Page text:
Official News Magazine of the Diocese of Spokane
Deacon Eric Meisfjord, Editor
P.O. Box 48, Spokane WA 99210
(509) 358-7340; FAX: (509) 358-7302
As schools begin a new year, so do religious education programs
by Bonita Lawhead, Inland Register staff
(From the Oct. 3, 2002 edition of the Inland Register)
The parish center at Sacred Heart Church in Tekoa was abuzz with activity Sunday, Sept.
22. Religious education classes had started and every room in the center was filled with
students and their teachers.
The scene was much the same in the other parishes of the Spokane Diocese, nearly all of
which began religious instruction in the past couple of weeks.
What takes place in a parish’s religious instruction program? How are the children
taught, and what is taught? A random sampling of Directors of Religious Education (DREs)
answered those questions.
Joe and Mary Jo Heffron direct the religious education program at Tekoa and also teach
the high school class. The parish is small, and the number of children varies from year to year.
Because of that, Heffrons and the parish religious education committee have had to be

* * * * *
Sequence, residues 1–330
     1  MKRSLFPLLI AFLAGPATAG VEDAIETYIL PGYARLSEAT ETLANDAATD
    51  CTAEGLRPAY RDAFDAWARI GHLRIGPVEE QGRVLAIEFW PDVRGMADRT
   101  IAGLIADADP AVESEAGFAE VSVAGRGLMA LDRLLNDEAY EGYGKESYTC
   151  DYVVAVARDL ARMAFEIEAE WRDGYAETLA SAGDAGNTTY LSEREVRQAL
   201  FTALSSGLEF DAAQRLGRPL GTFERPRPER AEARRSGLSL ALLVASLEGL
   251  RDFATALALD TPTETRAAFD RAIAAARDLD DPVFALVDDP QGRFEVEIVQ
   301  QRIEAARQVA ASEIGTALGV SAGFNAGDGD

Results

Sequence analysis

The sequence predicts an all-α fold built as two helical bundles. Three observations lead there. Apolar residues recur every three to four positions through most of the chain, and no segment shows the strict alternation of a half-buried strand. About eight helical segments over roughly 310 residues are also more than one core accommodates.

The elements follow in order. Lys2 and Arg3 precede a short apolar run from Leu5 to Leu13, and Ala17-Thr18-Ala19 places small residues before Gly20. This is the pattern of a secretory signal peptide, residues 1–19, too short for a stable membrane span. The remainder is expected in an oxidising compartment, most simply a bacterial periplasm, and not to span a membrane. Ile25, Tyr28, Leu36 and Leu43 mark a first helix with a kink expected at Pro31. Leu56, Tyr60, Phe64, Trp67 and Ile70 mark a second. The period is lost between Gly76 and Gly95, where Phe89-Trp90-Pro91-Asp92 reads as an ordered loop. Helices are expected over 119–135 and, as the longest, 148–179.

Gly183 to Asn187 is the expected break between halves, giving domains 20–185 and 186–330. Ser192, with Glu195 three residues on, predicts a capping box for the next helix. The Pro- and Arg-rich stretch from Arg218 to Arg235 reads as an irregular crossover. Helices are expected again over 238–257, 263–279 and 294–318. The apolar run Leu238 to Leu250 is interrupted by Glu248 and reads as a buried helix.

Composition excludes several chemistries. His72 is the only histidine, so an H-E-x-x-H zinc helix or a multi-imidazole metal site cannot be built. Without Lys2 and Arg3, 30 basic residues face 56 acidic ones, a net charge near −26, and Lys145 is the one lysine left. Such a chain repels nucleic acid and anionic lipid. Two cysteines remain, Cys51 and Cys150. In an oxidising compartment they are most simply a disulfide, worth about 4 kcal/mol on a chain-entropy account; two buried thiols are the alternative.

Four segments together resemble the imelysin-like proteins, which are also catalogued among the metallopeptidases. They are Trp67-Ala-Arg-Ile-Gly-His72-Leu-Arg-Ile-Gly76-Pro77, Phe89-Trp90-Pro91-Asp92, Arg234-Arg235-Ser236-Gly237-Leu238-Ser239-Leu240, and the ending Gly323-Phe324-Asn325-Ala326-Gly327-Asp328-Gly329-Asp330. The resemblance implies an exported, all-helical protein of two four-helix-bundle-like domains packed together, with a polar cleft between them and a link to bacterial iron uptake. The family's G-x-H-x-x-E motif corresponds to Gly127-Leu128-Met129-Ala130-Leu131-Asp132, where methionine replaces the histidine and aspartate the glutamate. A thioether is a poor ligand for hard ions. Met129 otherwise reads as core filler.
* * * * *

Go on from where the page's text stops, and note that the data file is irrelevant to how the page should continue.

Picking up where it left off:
creative in arranging class groupings. This year Tekoa has about 35 young people in six groups,
from preschool through high school.
Another parish that combines grade levels is St. Francis of Assisi in Spokane. Geri
Wasson, who has taught RE classes for the past seven years, is the parish’s new DRE. She said
there are four groups with approximately 40 children.
For curriculum, she chose a Scripture-based program called “Faith First.” Students
study their lessons, have some kind of arts and crafts, and do some kind of activity each week,
all tied to the lessons. Classes got underway Sept. 29.
Marv Grassl leads the high school group at St. Vincent Parish in Connell. Their weekly
sessions get underway this month with about 100 students.
Grassl said they use a program called “Understanding Catholic Christianity.” He also
uses Scripture and occasionally blends in other publications. There are “lots of good
materials” available, he said. Many times he gives out information to take home.
Barbara LaCombe directs the preschool through eighth grade program for a group
consisting of students from two Spokane parishes: St. Joseph on Dean and St. Anthony. The
number of students fluctuates, but LaCombe said that this year enrollment was for about 50
young people, half from each parish. They meet in classrooms at St. Joseph.
LaCombe said they are using a new program with weekly materials based on the Sunday
Scripture readings. That is what appealed to her about the program, since it “ties in with the
parish,” she said.
Brenda Senger is the DRE at St. Peter Parish in Spokane. There are from 60-70 students
involved in St. Peter’s program, from preschool through ninth grade. Classes started Sept. 22
for the preschool through sixth graders.
They, too, use the Faith First program, with children receiving instruction on certain
topics each year. The older students work with a thematic approach, Senger said, which this